Somehow I had the hope someone from Intel could clarify this mystery since in the end (only) they know how their RAID driver works. Sadly it did not happen. So the mystery will never be solved and the endless guessing on the internet will continue.
RAID arrays appear to the operating system as a single disk drive. So you can use any defrag program that you would normally use with a disk drive.
Operating systems utilities look at the drive through the operating system. The operating system detects and accesses the entire array of drives, as a single drive. The operating system doesn't even know you have multiple drives configured together as a single logical unit. The RAID process, is done at the hardware (controller) level and is a function of the controller and doesn't effect the OS or the applications installed.
However, to be safe, I'd strongly recommended that you perform regular, verified data backups.
First off all John thank you very much for your response.
I know that the OS does not care that RAID 0 is running and sees every RAID 0 area as a single disk. But the question then is does it make ANY sense to defragment a RAID 0 area. Windows cannot move/control the data on the hard disk but only on the logical system level. So in the end the defragmentation will just keep the RAID - controller and the hard disk busy but not position any data in a better not defragmented way on the hard disk itself. This would mean that there cannot be achieved any noticeable performance gain by the Windows defragmentation tool. So don't torture your RAID 0 system with it.
One might think now RAID 0 is a bad idea in the end because fragmentation cannot be avoided. But then you have to see what you lose at access time and what you win at transfer time. But anyhow - only SSD RAID 0 would bring the perfect fix in the end. SSD RAID 0 with TRIM is now available starting with the 77 boards at least to my knowledge. My next board will have it for sure. At SSDs defragmentation is no topic anymore. There are no access arms that have to be moved. Just pointers to memory cells and this is a calculation.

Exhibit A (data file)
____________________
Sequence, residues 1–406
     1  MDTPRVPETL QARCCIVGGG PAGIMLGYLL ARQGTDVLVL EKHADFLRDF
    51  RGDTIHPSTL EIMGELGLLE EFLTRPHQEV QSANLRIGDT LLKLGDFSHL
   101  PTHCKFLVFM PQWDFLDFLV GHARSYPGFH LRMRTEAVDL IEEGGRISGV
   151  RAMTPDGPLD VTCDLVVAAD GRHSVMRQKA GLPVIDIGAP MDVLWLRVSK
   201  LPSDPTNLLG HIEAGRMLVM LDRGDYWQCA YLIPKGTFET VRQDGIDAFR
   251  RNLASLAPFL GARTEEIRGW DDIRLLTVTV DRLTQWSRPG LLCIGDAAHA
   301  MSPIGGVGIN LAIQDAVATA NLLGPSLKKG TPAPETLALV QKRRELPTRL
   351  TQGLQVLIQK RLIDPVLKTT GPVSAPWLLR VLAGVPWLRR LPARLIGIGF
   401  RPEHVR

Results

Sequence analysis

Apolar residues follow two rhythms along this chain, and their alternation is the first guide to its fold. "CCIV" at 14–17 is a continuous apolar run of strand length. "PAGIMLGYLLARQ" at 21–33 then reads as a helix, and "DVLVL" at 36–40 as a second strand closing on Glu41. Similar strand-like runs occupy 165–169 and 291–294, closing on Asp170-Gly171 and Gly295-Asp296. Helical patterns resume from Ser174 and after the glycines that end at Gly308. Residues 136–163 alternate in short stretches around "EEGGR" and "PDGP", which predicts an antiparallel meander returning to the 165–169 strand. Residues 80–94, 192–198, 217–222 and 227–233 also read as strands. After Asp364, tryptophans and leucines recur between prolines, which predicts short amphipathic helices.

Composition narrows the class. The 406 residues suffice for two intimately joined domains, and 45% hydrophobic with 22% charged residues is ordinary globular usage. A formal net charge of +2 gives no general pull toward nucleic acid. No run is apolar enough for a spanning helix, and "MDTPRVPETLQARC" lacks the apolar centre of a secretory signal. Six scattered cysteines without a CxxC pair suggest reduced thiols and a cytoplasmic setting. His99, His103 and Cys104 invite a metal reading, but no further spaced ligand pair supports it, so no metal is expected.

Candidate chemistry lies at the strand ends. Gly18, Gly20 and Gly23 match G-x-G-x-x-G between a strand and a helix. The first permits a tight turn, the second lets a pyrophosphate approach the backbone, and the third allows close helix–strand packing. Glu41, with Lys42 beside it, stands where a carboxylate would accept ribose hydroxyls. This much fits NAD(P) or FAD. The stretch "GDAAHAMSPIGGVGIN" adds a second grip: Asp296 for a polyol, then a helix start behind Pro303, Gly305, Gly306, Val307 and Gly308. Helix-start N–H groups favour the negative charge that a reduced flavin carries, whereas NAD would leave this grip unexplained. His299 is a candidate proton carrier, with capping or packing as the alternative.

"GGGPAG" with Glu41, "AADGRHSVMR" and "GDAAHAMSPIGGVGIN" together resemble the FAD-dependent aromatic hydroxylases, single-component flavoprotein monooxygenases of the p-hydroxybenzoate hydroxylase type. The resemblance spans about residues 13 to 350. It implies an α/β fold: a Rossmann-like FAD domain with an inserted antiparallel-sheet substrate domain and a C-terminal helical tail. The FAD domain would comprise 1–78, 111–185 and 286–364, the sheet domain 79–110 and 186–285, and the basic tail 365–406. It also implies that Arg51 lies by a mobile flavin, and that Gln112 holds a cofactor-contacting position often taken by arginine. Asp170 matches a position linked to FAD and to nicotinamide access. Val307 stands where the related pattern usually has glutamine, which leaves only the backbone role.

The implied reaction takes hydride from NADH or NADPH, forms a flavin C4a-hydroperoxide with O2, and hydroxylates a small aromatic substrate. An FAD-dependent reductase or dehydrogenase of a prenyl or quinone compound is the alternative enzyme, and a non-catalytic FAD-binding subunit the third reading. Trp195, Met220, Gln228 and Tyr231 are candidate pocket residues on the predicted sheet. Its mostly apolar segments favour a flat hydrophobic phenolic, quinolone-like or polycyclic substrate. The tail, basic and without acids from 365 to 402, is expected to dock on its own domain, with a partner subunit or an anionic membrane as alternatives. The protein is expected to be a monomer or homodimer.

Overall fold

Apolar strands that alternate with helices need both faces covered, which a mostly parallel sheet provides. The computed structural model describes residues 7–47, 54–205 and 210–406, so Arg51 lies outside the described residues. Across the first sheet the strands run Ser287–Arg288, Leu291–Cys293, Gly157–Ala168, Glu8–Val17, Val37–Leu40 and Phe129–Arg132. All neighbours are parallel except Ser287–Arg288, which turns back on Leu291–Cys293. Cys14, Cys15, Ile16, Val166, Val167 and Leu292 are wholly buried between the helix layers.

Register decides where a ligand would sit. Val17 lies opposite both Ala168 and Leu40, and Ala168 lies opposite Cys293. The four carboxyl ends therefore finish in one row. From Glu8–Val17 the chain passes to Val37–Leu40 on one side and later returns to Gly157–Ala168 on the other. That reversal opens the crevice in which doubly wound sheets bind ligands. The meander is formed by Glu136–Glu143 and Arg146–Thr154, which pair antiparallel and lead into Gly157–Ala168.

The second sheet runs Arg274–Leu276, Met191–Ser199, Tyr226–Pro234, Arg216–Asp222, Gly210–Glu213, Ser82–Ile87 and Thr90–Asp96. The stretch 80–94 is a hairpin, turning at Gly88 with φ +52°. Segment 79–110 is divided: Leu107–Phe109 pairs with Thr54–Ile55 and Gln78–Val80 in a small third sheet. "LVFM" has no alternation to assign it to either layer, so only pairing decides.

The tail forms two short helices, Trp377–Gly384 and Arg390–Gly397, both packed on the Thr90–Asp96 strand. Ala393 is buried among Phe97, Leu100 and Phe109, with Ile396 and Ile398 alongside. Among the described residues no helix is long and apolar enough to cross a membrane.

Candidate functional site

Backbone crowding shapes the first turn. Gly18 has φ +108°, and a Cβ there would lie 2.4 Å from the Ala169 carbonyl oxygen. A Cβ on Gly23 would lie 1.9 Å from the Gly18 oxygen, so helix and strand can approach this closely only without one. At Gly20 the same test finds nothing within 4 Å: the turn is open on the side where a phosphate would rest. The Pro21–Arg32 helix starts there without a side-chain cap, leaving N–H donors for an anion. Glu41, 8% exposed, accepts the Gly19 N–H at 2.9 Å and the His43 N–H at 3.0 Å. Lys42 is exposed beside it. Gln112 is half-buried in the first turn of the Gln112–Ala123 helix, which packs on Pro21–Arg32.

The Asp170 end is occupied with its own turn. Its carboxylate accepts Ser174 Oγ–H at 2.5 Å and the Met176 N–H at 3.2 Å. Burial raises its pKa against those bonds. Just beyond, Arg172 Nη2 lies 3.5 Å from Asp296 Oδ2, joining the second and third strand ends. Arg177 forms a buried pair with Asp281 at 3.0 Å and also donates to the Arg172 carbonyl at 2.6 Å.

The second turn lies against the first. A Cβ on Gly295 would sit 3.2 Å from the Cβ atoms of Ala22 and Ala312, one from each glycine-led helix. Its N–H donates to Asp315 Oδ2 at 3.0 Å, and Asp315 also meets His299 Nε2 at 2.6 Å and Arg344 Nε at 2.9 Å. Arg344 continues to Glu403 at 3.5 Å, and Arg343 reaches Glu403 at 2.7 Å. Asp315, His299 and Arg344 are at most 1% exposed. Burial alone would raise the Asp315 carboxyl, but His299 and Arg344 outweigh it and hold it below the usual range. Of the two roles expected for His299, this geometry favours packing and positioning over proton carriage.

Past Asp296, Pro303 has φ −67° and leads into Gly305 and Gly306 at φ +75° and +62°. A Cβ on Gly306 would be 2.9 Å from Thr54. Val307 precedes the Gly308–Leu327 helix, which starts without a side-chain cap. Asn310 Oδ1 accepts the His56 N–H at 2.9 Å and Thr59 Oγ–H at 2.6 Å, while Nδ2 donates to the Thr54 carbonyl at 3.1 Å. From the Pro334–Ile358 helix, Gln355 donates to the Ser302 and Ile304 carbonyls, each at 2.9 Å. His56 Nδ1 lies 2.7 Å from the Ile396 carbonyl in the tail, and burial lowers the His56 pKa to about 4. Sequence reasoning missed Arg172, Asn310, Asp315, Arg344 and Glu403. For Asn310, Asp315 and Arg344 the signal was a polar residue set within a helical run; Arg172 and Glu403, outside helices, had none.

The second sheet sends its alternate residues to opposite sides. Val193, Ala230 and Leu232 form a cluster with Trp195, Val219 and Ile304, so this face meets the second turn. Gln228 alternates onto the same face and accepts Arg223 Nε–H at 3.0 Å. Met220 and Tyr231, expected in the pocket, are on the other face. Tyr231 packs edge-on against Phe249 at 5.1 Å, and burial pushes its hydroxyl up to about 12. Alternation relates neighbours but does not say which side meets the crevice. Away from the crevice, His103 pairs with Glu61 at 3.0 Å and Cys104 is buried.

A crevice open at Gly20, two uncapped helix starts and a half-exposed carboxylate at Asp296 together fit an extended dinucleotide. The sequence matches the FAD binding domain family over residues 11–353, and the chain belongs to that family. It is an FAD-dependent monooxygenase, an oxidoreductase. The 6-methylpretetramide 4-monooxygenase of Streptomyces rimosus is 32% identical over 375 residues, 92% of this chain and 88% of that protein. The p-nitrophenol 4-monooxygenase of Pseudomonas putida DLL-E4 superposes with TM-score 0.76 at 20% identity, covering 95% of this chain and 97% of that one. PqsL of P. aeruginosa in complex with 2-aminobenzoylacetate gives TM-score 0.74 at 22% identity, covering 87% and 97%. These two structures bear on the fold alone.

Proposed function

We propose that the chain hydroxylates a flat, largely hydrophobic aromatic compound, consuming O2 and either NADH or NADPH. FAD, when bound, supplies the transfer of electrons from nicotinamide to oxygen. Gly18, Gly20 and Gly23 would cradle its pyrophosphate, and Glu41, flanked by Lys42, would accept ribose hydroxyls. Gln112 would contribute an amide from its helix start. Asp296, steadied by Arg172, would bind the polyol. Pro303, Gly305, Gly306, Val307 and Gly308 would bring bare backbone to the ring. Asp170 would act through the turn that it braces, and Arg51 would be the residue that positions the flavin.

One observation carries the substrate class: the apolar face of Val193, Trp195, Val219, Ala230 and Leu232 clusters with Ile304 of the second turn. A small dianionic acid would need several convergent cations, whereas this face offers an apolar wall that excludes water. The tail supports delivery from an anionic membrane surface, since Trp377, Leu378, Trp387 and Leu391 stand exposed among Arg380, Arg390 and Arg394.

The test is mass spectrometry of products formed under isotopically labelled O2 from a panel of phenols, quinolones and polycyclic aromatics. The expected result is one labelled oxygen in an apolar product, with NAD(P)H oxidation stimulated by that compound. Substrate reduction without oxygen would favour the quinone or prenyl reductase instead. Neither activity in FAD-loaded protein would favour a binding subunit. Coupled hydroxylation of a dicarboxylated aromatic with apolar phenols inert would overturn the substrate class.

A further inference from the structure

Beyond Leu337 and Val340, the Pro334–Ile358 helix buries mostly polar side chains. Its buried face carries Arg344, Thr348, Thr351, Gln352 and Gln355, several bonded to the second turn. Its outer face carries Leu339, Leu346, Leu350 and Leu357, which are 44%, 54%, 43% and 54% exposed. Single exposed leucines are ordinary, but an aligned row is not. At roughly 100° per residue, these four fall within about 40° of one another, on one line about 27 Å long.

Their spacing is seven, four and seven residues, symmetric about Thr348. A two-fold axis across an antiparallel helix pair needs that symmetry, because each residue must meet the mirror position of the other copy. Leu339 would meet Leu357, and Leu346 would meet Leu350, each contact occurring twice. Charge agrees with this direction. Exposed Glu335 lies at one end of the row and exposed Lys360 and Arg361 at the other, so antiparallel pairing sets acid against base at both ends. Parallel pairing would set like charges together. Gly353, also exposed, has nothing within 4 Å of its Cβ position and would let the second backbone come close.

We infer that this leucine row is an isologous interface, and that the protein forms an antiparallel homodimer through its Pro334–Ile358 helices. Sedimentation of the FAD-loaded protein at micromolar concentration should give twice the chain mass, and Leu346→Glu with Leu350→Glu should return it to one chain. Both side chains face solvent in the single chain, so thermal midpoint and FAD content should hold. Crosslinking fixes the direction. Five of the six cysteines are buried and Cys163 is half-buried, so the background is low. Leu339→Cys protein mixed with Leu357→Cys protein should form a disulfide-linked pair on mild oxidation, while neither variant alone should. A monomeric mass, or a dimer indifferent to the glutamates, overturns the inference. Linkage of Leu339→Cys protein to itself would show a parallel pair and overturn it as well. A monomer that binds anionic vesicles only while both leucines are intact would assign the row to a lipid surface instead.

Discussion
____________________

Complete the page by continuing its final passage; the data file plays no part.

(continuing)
In respect of backups. If you have a single disk or a RAID 0 setup - you always need backups. And I have to say my Intel RAID 0 with 3 x 1 TB disks is very stable. I never had so little problems with any single disk configuration and I changed the cable order, switched off the power while it was working, changed the driver and whatever... Could not kill it or achieve any bad data. Of course I do not use the write cache.
John (here too)
That is sort of correct. Although Windows doesn't have access any lower than the virtual drive, there is still a 1:1 correlation between the addressing on the virtual drive, and the locations on the physical drives.
Defragging a RAID 0 will have an affect on the physical location of data on the drives.
You write that there is still a 1:1 correlation between the addressing on the virtual drive and the locations on the physical drives.
Lets take a 4 disk RAID 0 area and the data on it:
A1 A2 A3 A4
A5 B1 C1 C2
C3 D1 D2
A, B.. are different data records in this case still in a somehow orderly way. So how would Windows know about this order on the physical disk? In the end it could even look like this on the real disks:
A2 B1 A2 A3
C1 A4 D1 C2
D2 C3 A5
How can Windows now defragment this? From my point of view it can sort the LOGICAL index in Windows like this
A1 A2 A3 A4 A5 B1 C1 C2 C3 D1 D2
But it has no information about the real data location on the disk - it does not get this information and it cannot even guess it. RAID 0 does not store the data like this on the four disks:
A1 A2 A3 A4
If so it would waste a lot of space.
Your third image is incorrect. To Windows, it would look like:
A2 B1 A2 A3 C1 A4 D1 C2 D2 C3 A5